I was puzzled. Not because I disagree on either count: I think she’s right that our voice gets subsumed to that of economists, political commentators, and publicists. I also agree that anthropologists can provide a historically-grounded, cross-culturally informed perspective on contemporary events that is of real social value.

My puzzlement, rather, was because to the best of my knowledge, this particular colleague never made any effort to be heard. She published exclusively in academic journals behind paywalls, didn’t do press releases, didn’t write for newspapers, didn’t even blog. Did she really expect that public servants, the media, and people at large would go to the effort of seeking out her and her opinions?

This encounter triggered a personal quest to find out more about the state of public anthropology. I quickly discovered that I wasn’t the only one. Thomas Hylland Eriksen, in his book Engaging Anthropology, writes that “Anthropology should have changed the world, yet the subject is almost invisible in the public sphere outside the academy” (2006:1). One of my favorite articles on the subject is by Greg Downey who, on his Neuroanthropology blog, argues that anthropology’s difficulties with engaging the public is at least partially a branding problem. He then presents a series of fascinating ideas on how to fix it.

There are plenty of anthropologists who are doing something about it. Anthropologists globally are publishing their work in news venues such as the BBC, the Financial Times, and the Trinidad Guardian. Hundreds, possibly thousands, of us are blogging our thoughts on personal and collective websites, including The Huffington Post and The Conversation. Others are interviewed on radio shows or run community workshops. The California Series in Public Anthropology provides an incentive for authors to write about their engagements with communities and policies. Our brand is looking better since Eriksen published his book in 2006.

One thing I noticed, however, is a lack of ways for anthropologists who would like to write for the public to get started. This is partially because too few academics are aware of what the possibilities are, as the work of their more public-facing colleagues remains largely invisible. There are also relatively few venues in which people can experiment with this kind of writing. Personal blogs are a beginning, but a chronic lack of feedback means that it’s hard to know whether you’re on the right track. And without having a sense of how you’re doing, it can be daunting to submit an article to a newspaper.

PopAnthThis was a major reason why Gawain Lynch, John McCreery and I began the community website PopAnth: Hot Buttered Humanity. We began building the site in July last year, after an exhaustive search turned up exactly zero generalist anthropology websites that are truly written for a popular audience. There are many brilliant blogs out there, but they either focus on narrow topics, or include academic content such as jargon or calls for papers. We deliberately designed PopAnth to cover all branches of anthropology because we wanted to see what kinds of topics would prove popular.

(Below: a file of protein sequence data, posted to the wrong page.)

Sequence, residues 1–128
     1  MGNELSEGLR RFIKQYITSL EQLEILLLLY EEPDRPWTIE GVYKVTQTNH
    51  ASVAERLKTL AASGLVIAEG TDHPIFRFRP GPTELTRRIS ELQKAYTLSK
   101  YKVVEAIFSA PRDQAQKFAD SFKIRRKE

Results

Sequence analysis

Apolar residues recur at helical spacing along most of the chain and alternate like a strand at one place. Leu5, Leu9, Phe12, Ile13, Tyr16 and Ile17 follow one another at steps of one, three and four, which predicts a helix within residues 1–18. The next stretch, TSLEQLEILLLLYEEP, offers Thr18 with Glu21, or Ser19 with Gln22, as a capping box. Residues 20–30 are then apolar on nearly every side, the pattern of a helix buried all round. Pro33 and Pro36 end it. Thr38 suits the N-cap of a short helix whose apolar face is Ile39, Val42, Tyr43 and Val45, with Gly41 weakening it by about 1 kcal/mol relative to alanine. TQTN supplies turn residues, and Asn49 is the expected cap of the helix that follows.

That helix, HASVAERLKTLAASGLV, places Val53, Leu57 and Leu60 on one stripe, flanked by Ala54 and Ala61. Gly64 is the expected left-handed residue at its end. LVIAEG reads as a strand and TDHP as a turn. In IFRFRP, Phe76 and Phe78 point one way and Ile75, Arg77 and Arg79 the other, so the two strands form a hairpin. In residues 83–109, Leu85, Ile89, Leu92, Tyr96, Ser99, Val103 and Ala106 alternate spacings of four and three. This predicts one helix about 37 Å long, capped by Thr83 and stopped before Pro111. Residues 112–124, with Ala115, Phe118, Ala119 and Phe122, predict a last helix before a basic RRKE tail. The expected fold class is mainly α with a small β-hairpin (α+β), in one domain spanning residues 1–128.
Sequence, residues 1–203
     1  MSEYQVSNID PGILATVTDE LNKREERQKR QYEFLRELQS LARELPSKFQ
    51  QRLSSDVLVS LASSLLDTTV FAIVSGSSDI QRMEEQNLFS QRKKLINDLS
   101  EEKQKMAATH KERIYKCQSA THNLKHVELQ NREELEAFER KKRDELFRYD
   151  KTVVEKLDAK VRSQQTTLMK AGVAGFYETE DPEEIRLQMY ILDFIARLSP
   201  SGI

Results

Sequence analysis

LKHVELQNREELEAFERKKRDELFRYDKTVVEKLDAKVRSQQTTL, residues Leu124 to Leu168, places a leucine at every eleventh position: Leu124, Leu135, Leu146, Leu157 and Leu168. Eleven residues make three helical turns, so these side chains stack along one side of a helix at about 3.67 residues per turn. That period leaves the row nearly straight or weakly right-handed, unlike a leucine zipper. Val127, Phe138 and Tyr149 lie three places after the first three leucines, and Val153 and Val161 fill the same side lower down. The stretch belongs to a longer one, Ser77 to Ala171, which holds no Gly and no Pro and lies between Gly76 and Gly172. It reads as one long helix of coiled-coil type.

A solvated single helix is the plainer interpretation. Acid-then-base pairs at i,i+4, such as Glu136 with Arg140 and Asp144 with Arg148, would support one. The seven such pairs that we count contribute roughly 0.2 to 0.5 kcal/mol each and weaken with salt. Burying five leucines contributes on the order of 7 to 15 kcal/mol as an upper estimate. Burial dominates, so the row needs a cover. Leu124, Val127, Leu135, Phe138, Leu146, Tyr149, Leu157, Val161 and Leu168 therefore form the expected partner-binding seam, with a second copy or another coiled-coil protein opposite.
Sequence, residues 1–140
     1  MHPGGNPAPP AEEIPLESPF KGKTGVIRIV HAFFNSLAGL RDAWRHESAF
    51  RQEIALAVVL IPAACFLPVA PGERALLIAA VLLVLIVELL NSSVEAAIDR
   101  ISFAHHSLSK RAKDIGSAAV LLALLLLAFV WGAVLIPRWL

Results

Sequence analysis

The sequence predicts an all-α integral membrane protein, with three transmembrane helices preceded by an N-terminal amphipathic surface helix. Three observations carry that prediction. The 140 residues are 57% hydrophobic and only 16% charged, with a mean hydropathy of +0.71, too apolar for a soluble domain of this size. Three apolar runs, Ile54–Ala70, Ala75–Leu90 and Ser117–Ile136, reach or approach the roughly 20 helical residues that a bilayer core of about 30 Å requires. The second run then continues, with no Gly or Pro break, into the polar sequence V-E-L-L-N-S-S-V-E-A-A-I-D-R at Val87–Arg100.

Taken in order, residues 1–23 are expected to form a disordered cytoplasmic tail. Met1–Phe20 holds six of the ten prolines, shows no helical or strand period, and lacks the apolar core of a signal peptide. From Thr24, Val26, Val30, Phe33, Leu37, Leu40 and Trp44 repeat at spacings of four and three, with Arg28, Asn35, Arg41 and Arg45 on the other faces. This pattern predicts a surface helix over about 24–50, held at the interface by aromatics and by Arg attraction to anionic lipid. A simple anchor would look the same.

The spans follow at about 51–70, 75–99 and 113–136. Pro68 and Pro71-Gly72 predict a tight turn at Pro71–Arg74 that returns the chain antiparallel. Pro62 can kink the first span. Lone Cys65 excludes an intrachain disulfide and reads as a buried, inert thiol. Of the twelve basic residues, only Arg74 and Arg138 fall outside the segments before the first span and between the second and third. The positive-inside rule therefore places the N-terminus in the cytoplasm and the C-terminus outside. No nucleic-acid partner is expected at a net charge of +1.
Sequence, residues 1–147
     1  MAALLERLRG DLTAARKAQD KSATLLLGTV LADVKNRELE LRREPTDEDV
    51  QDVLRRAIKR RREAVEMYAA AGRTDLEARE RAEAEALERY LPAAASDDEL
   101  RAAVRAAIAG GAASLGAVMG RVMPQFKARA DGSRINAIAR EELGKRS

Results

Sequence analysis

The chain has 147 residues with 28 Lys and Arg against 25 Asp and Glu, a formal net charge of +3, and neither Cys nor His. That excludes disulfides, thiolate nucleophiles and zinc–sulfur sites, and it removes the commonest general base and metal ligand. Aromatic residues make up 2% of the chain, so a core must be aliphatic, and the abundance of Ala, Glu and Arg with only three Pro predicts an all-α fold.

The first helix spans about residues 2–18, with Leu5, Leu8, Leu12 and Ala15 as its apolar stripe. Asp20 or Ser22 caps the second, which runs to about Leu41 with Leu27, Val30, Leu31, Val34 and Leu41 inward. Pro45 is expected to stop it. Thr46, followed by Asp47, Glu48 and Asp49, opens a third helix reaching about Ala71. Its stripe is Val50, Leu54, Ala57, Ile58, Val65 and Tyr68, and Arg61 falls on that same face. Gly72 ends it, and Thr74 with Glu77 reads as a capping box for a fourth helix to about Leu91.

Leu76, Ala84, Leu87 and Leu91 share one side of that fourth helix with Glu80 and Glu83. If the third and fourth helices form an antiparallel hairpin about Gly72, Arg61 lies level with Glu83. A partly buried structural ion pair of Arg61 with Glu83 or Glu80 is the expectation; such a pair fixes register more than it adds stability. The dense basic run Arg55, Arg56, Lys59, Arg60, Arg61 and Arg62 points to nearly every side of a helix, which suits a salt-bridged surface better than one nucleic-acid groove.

In just over a year since launch, the site has grown surprisingly fast, and last month we had 90,000 unique visitors (bots largely edited out of our analytics). This is a pretty impressive feat for a non-profit website that relies on a small crew of committed editors. I’m particularly happy that authors have been courageous enough to send us off-beat stories that otherwise might never have seen the light of day. Our articles have covered topics as diverse as the history of Rastafarianism in Jamaica, land use rights among footballers in Trinidad, metal theft in the United Kingdom, drug markets in Colombia, consumer freedom in Germany, and angry tourists in Madagascar.

What makes PopAnth work? In my opinion, it’s the effort we put in to making popular anthropology visible. We don’t just promote ourselves, we use our website and social media to promote popular anthropology wherever it is published: newspapers, blogs, books, TED talks, and so on. This increases our audience base and helps make anthropology a household name.

Crucially, we provide a mentoring service to new public writers, helping them polish their articles for PopAnth and gain confidence to submit their work to other venues. We also act as a hub connecting new popular authors to old hands. Because we publish on merit, not qualifications, our authors are just as likely to be undergraduates as they are to have regular columns in The Huffington Post or Psychology Today. This means that up-and-coming authors who aren’t sure where to publish can gain inspiration from seeing what their colleagues are doing.

What’s the next step in getting public anthropology out there? My feeling is that cross-promotion will help us all build our audiences and contributor bases. To this end, I’ve begun talking with people people from other groups, such as Savage Minds, DANG, Ethnography Matters, the Society for Visual Anthropology, and others about how we can best work together to stay in communication and build collaborations. I’d like to invite everyone to join the conversation in the PopAnth group at the Open Anthropology Cooperative. And, of course, if you want to write for PopAnth, you can check out our Contributions page. The more we write for the public, the more the public will be able to listen.